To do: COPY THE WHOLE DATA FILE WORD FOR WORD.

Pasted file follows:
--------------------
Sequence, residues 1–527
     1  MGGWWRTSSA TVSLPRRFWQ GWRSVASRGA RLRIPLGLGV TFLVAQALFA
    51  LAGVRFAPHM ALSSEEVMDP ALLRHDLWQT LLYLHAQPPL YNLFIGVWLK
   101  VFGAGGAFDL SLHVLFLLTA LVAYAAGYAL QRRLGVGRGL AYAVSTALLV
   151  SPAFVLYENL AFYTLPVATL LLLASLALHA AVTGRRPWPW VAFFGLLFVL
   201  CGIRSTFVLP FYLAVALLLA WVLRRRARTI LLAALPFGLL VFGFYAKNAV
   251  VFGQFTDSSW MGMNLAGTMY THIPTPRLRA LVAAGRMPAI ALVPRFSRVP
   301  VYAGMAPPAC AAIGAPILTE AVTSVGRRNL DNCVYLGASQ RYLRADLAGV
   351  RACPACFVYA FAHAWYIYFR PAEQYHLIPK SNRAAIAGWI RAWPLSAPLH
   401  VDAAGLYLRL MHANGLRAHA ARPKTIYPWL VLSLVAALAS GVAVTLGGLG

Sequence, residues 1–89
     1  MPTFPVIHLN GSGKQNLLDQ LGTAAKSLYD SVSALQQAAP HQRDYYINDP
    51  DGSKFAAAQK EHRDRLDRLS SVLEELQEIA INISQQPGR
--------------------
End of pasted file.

Sequence, residues 1–527
     1  MGGWWRTSSA TVSLPRRFWQ GWRSVASRGA RLRIPLGLGV TFLVAQALFA
    51  LAGVRFAPHM ALSSEEVMDP ALLRHDLWQT LLYLHAQPPL YNLFIGVWLK
   101  VFGAGGAFDL SLHVLFLLTA LVAYAAGYAL QRRLGVGRGL AYAVSTALLV
   151  SPAFVLYENL AFYTLPVATL LLLASLALHA AVTGRRPWPW VAFFGLLFVL
   201  CGIRSTFVLP FYLAVALLLA WVLRRRARTI LLAALPFGLL VFGFYAKNAV
   251  VFGQFTDSSW MGMNLAGTMY THIPTPRLRA LVAAGRMPAI ALVPRFSRVP
   301  VYAGMAPPAC AAIGAPILTE AVTSVGRRNL DNCVYLGASQ RYLRADLAGV
   351  RACPACFVYA FAHAWYIYFR PAEQYHLIPK SNRAAIAGWI RAWPLSAPLH
   401  VDAAGLYLRL MHANGLRAHA ARPKTIYPWL VLSLVAALAS GVAVTLGGLG

Sequence, residues 1–89
     1  MPTFPVIHLN GSGKQNLLDQ LGTAAKSLYD SVSALQQAAP HQRDYYINDP
    51  DGSKFAAAQK EHRDRLDRLS SVLEELQEIA INISQQPGR